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Thursday, July 1, 2010

Uncomplicated firewall

The default firewall configuration tool for Ubuntu is ufw. Developed to ease iptables firewall configuration, ufw provides a user friendly way to create an IPv4 or IPv6 host-based firewall.
ufw by default is initially disabled. From the ufw man page:
ufw is not intended to provide complete firewall functionality via its command interface, but instead provides an easy way to add or remove simple rules. It is currently mainly used for host-based firewalls.
The following are some examples of how to use ufw:
  • First, ufw needs to be enabled. From a terminal prompt enter:
    sudo ufw enable
  • To open a port (ssh in this example):
    sudo ufw allow 22
  • Rules can also be added using a numbered format:
    sudo ufw insert 1 allow 80
  • Similarly, to close an opened port:
    sudo ufw deny 22
  • To remove a rule, use delete followed by the rule:
    sudo ufw delete deny 22
  • It is also possible to allow access from specific hosts or networks to a port. The following example allows ssh access from host to any ip address on this host:
    sudo ufw allow proto tcp from to any port 22
    Replace with to allow ssh access from the entire subnet.
  • Adding the --dry-run option to a ufw command will output the resulting rules, but not apply them. For example, the following is what would be applied if opening the HTTP port:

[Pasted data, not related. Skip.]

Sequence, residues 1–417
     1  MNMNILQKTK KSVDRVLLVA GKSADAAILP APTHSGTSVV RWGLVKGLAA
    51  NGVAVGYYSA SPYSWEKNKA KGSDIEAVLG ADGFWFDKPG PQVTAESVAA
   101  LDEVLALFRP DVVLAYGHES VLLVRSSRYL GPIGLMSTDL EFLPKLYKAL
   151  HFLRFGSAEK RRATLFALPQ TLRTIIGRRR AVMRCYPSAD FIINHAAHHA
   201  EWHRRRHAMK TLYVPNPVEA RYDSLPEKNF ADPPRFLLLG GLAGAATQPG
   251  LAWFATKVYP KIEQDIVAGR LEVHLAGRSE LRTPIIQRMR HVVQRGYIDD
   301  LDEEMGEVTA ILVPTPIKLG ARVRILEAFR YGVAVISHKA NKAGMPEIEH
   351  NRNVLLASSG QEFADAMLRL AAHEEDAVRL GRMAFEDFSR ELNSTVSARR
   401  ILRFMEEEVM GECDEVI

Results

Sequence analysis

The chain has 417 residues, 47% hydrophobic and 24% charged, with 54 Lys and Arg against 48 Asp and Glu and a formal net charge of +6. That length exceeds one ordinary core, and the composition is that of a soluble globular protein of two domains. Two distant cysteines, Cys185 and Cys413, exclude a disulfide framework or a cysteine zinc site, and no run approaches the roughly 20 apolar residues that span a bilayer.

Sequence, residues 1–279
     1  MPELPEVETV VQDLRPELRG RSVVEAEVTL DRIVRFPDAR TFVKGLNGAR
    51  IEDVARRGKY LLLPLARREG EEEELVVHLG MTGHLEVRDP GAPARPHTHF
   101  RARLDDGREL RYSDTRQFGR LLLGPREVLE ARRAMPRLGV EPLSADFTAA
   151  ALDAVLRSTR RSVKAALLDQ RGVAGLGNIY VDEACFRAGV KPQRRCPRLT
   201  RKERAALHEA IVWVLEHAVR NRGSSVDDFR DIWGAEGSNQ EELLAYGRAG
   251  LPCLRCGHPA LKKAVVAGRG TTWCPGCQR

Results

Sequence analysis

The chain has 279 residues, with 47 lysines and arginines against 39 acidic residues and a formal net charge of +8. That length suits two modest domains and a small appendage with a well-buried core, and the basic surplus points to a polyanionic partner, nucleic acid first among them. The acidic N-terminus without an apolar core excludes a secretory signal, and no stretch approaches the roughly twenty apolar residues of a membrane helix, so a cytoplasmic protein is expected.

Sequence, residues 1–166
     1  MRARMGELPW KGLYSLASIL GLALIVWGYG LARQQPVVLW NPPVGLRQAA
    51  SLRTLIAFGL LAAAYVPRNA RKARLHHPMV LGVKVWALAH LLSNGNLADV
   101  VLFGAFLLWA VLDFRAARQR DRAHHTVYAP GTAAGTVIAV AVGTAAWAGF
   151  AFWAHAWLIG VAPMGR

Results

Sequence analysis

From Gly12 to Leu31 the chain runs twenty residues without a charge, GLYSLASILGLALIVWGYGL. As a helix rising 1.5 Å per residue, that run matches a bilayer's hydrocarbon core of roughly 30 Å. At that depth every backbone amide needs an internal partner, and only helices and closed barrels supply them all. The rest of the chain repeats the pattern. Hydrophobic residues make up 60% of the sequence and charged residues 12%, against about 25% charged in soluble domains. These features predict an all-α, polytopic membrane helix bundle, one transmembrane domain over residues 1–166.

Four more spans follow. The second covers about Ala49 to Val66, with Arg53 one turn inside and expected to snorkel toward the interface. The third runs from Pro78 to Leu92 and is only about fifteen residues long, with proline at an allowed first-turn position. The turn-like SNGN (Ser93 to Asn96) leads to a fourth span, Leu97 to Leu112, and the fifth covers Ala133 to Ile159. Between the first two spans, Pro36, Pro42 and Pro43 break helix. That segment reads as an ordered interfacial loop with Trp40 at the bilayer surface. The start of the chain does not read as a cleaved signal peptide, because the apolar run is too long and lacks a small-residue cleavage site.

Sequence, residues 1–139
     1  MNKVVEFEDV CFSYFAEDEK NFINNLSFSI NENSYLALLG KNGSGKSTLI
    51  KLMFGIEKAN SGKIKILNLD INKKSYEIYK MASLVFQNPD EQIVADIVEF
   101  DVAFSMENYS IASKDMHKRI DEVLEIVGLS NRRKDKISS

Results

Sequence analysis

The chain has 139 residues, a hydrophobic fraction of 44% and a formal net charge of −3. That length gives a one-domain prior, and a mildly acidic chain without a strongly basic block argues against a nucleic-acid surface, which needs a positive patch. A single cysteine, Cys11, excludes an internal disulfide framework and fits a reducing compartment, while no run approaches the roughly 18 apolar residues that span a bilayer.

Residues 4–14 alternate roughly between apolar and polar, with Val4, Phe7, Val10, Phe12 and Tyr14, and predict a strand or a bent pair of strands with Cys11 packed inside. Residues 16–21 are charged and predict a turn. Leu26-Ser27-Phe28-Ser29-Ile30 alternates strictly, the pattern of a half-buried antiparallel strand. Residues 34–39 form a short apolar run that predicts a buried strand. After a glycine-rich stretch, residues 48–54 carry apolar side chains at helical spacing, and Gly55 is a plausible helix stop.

sudo ufw --dry-run allow http
    :ufw-user-input - [0:0]
    :ufw-user-output - [0:0]
    :ufw-user-forward - [0:0]
    :ufw-user-limit - [0:0]
    :ufw-user-limit-accept - [0:0]
    ### RULES ###
    ### tuple ### allow tcp 80 any
    -A ufw-user-input -p tcp --dport 80 -j ACCEPT
    ### END RULES ###
    -A ufw-user-input -j RETURN
    -A ufw-user-output -j RETURN
    -A ufw-user-forward -j RETURN
    -A ufw-user-limit -m limit --limit 3/minute -j LOG --log-prefix "[UFW LIMIT]: "
    -A ufw-user-limit -j REJECT
    -A ufw-user-limit-accept -j ACCEPT
    Rules updated
  • ufw can be disabled by:
    sudo ufw disable
  • To see the firewall status, enter:
    sudo ufw status
  • And for more verbose status information use:
    sudo ufw status verbose

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